How much power smoothing?

I had it set to 3 and it was impossible to hold steady power.

So I adjusted it to 10. Is this bad for training?

It depends on which workouts you’re doing. If you are doing “microbursts,” 10 seconds will make it very difficult to hit power targets (if you’re on a dumb trainer, that is). In that case, you might want to adjust it down. For longer intervals, 10 seconds are absolutely fine. In general, I would always focus on cadence to maintain power, and only occasionally glance to the power to see if you have to adjust cadence upwards or downwards. That way, once you have settled into target power, you’ll know what cadence to shoot for at the beginning of the next interval while the power number settles in.

It also depends on where your power is measured. As far as I understand it, the closer to your foot the power measurement, the more smoothing you’ll need. In other words, pedal power meters will need more smoothing than rear hub or trainer power meters.

Finally, it’s okay if your power is not perfectly smooth. That’s just how things are. I think I train with 5 seconds smoothing with vector 3 pedals as a power source. In the beginning of the workout, there might be +/- 5 watts fluctuation and it’ll get less and less as I warm up and my form improves (before going back up when the form goes out the window because of fatigue). But as long as you hit the averages, that’s just how training is on the trainer. The more you work out, the better you’ll get at microadjustments.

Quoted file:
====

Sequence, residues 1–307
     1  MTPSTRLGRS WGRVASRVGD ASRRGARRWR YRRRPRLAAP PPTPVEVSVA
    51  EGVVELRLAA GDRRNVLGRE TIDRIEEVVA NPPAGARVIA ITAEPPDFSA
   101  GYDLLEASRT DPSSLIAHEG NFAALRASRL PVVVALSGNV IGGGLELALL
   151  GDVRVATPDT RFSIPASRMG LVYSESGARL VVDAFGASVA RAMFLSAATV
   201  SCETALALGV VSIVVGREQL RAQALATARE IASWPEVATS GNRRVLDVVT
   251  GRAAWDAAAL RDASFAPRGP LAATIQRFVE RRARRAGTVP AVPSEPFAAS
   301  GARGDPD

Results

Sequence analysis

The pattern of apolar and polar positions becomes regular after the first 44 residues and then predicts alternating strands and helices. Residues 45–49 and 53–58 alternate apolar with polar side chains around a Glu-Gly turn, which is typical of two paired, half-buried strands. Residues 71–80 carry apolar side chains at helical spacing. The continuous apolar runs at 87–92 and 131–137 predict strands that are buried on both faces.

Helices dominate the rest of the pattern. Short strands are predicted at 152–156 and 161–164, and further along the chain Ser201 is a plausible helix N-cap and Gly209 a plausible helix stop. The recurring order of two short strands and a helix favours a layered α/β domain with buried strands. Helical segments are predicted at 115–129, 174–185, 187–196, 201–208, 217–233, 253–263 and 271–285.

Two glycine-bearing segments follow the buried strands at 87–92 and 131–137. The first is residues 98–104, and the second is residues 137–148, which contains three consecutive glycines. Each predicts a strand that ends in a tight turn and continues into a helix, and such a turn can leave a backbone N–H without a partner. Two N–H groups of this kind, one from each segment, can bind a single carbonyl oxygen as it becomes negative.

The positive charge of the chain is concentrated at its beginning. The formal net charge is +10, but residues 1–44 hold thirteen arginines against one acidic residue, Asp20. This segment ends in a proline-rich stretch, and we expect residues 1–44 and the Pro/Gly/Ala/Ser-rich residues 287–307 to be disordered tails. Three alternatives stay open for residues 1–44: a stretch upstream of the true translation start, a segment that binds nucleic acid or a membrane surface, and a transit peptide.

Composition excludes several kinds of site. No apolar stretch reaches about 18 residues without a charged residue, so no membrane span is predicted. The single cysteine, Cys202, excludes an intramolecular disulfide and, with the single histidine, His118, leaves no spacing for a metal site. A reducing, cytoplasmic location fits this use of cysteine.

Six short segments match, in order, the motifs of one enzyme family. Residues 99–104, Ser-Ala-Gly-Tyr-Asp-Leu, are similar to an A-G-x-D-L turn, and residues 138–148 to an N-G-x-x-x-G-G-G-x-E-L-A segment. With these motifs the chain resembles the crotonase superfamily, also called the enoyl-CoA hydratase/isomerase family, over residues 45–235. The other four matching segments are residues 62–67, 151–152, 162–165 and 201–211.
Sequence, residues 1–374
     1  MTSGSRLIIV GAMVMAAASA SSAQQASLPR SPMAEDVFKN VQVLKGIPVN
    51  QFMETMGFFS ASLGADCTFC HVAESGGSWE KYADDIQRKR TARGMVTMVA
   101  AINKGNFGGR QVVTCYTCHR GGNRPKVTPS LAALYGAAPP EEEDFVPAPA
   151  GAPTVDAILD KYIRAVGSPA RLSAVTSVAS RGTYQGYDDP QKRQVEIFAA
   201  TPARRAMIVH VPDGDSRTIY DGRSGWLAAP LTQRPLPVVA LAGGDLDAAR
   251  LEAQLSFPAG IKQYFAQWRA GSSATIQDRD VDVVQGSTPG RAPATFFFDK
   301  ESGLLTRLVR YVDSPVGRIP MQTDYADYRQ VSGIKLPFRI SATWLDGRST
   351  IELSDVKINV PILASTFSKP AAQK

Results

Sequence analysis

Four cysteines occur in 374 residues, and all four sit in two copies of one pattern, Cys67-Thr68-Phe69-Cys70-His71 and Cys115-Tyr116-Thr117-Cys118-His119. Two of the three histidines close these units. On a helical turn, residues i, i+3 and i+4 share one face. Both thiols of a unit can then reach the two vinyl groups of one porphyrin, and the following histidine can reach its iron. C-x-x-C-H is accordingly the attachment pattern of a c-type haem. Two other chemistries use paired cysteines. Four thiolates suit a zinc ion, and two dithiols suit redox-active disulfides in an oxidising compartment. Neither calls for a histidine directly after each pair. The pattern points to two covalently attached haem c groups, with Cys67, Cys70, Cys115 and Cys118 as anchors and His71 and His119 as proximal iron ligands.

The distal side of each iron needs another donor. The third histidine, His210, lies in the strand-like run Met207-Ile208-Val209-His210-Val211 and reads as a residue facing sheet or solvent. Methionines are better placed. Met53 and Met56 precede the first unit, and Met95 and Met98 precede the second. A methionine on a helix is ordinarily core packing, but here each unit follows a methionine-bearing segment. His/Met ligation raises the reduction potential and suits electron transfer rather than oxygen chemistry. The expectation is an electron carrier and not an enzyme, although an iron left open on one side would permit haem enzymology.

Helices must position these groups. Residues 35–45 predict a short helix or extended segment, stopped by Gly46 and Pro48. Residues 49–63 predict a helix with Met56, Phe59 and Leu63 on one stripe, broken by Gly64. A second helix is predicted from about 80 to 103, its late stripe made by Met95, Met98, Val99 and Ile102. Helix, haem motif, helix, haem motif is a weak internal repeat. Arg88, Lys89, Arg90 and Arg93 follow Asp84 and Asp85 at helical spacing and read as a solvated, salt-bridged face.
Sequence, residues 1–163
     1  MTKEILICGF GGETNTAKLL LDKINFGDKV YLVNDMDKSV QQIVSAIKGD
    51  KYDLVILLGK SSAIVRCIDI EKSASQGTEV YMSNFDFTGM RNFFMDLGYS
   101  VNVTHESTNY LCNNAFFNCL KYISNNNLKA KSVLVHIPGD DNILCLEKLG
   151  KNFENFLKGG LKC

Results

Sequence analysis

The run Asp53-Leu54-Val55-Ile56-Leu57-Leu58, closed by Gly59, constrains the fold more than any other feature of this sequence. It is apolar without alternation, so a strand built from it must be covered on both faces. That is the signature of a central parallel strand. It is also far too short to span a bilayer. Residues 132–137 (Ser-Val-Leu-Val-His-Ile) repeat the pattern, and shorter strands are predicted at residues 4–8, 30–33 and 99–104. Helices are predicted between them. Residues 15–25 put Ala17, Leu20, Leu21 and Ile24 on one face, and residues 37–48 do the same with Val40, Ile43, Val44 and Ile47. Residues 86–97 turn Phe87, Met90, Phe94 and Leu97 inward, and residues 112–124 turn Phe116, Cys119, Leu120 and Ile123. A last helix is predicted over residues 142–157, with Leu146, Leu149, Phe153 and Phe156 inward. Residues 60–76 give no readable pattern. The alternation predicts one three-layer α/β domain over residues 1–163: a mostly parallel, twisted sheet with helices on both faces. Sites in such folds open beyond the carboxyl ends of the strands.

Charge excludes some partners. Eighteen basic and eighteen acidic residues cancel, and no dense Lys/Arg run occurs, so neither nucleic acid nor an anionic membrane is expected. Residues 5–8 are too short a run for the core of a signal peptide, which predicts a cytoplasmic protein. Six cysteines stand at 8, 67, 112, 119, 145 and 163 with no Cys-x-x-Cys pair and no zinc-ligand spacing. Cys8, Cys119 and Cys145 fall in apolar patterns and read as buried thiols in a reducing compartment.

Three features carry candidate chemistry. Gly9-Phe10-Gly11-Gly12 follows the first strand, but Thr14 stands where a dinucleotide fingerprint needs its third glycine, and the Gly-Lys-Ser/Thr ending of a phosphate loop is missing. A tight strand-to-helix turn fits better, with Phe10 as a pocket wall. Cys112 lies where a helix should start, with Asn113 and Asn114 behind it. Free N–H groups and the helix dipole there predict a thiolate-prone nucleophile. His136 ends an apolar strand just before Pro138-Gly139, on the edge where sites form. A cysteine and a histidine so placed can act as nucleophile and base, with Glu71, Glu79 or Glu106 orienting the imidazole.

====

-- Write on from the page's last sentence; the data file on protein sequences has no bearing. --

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Great answer with tons of good bits.

Just one to add. Note that the smoothing value only affects the digital display of the power data in the workout. It does not alter the data captured in the workout info or graph.

As mentioned, it is meant to keep you from constantly adjusting as it floats around. Essentially it’s a mind fixer. :wink:

And the recommendation to focus on cadence is the one element I think matters most.

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I use 7 seconds on a dumb trainer and left-only PM. I don’t worry about how precise I am on most intervals.

I use Zwift at the same time so on short intervals or at the beginning of intervals I look at the watttage on my Zwift screen with no smoothing for real-time wattage.

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This is another good point. Second devices can help. I do the opposite for long intervals. When I am really worried about hitting the power right on long intervals, hit lap on my head unit and keep track of my lap power. Then your adjustments are based on the target for the interval rather than your n-second power as per smoothing. Though, with more and more practice, I am rarely worried about this. :slight_smile:

@mcneese.chad, I agree that cadence is the most important. Though towards the end of workouts, I start realizing that the required cadence for the same power goes up. Originally I thought this was temperature drift on my power meters or varying resistance on my trainer, but it might just be a decline in form. In any case, I had to learn to not let that psyche me out during the workout!

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